The Wall of Faces

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is honored on Panel 8E, Line 82 of the Vietnam Veterans Memorial.

Leave a Remembrance


  • Florida Times-Union June 29, 1966

    Posted on 7/28/17 - by Jim McIlhenney

    Two young Jacksonville soldiers have been killed in action in Viet Nam. They are Spec. 4C Ernest E. McAlum, son of Mrs. Jack Wilhite of 622 May St., and Pfc. Norman Raymond Wilson, brother of Mrs. Scarlette Brown Greene of 1360 Golfair Blvd.
    Spec. McAlum, who was 24, was killed in combat June 23, according to his mother. A member of the 101st Airborne Division, he enlisted in the Army six years ago. He had been in Viet Nam since Jan. 15.
    A native of Alamo, GA., the soldier had lived in Jacksonville since boyhood. He attended Lee High School and worked for Winn-Dixie Stores, Inc., before enlisting.
    In addition to his mother, Spec. McAlum is survived by his widow, Mary, and son, Curtis Lee McAlum, both of Thomaston, Ga; a brother, Oscar McAlum of Jacksonville; two sisters, Mrs. David Ashton of Jacksonville and Mrs. Donald Dobson of Sanderson; and several nieces and nephews.
    Arrangements for the funeral, which will be held in Thomaston, are pending arrival of his body.
    Pfc. Wilson, 24, who was assigned to a transportation unit in an artillery battalion, had been listed as missing in action since June 15. His family received word Saturday that his body had been found.
    Born in Lake City, Pfc. Wilson came to Jacksonville when he was 7 years old and lived with two aunts, Mrs. Emma L. Goodman and the late Mrs. H.B. Jenkins, until entering service.
    He was graduated in 1959 from New Stanton High School, where he was a member of the Stanton Blue Devils marching band. The soldier was a carrier boy for the Florida Times-Union for six years during his junior and senior high school days, and also was a member of the School Boy Patrol.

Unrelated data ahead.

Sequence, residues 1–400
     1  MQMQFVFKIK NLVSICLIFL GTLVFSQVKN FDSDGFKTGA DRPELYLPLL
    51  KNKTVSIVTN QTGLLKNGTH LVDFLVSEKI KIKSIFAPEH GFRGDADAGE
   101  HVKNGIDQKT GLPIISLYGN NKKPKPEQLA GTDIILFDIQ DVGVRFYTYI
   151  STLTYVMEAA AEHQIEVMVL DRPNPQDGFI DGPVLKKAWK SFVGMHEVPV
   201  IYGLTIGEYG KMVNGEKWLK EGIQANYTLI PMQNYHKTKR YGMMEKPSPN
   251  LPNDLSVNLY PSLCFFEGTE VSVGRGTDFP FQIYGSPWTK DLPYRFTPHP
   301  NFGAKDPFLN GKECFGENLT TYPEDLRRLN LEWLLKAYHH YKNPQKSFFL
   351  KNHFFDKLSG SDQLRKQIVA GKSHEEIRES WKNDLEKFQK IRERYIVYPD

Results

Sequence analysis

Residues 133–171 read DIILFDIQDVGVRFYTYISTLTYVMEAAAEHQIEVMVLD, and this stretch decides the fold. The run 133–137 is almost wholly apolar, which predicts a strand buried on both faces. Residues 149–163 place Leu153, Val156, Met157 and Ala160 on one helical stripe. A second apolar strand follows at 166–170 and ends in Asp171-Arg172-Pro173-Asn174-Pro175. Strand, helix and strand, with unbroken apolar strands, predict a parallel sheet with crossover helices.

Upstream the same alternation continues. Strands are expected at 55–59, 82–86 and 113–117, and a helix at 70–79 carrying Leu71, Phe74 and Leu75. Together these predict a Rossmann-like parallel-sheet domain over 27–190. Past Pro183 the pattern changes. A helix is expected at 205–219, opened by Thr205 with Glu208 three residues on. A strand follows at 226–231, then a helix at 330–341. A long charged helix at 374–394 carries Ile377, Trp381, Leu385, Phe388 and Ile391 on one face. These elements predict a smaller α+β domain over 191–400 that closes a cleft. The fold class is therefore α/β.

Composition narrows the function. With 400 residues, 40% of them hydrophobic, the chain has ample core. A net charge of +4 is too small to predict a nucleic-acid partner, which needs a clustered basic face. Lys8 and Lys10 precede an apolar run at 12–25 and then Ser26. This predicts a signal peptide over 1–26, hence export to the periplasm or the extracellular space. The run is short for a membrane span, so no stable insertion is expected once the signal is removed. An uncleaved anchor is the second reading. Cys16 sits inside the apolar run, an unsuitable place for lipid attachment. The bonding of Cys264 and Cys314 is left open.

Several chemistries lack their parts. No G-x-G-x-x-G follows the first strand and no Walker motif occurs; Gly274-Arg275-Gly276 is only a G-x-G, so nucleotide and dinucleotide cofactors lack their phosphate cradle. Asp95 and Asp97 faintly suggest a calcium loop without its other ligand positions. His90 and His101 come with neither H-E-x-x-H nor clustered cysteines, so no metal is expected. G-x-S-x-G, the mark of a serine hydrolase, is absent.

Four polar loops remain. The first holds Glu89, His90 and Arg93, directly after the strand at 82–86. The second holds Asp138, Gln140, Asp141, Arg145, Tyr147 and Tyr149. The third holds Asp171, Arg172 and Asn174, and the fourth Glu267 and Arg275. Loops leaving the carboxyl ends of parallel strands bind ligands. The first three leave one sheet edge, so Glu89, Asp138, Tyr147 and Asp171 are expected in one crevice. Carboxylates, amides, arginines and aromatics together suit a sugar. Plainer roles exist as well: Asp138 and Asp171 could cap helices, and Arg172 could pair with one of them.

Pfc. Wilson attended Bethune-Cookman College in Daytona Beach for three years before enlisting in the Army. After completing his first three-year tour of duty, he worked in Seattle, Wash., and then re-enlisted early this year.
    In Addition to his sister, he is survived by a son, Eric Wilson of Chicago, and his mother, Mrs. Birdie A. Bradley of Jacksonville. Funeral arrangements are incomplete.
  • Remembering An American Hero

    Posted on 6/21/16 - by Curt Carter
    Dear SP4 Ernest E McAlum, sir

    As an American, I would like to thank you for your service and for your sacrifice made on behalf of our wonderful country. The youth of today could gain much by learning of heroes such as yourself, men and women whose courage and heart can never be questioned.

    May God allow you to read this, and may He allow me to someday shake your hand when I get to Heaven to personally thank you. May he also allow my father to find you and shake your hand now to say thank you; for America, and for those who love you.

    With respect, Sir

    Curt Carter
  • You were a brave soldier

    Posted on 5/29/13 - by Vern Miller, 3rd squad, 3rd platoon, Charlie Company, 7th Cavalry


    I remember the night before you were killed. You said that you couldn't wait to get back to your wife and young son. Sgt. Johnson volunteered to take his squad to try and flank the NVA who had ambushed us. You were brave to have undertaken such a task. They said you saw the sniper, and when you did, he ended your life. Your death that day has caused me much mental anguish for many years because I couldn't help but thinking that our squad should have gone with you and that it was unfair that you died! I am glad that I have been able to contact your widow after all these years. It has helped to heal my soul! You will always be remembered by me: especially, on June 23rd. Rest in peace my friend.

  • We love you PawPaw

    Posted on 9/7/11 - by Ashley McAlum
    I never knew you but you are my grandfather, and I am so thankful to have you in my family. I am honored to know that you gave your life for our country. We love you and never will forget you~
  • Remembered

    Posted on 4/28/11
    Rest in peace with the warriors.
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The Wall of Faces

Brought to you by the organization that built The Wall, the Vietnam Veterans Virtual Memorial Wall is dedicated to honoring, remembering and sharing the legacies of all those who died in the Vietnam War. Here you can go beyond the names on The Wall to see the faces, share the stories and read the remembrances posted by friends, neighbors, classmates and family members.

All of these photos will be showcased in The Education Center at The Wall on the National Mall in Washington, D.C. To learn more about the effort to collect these photos and ensure their faces will never be forgotten, visit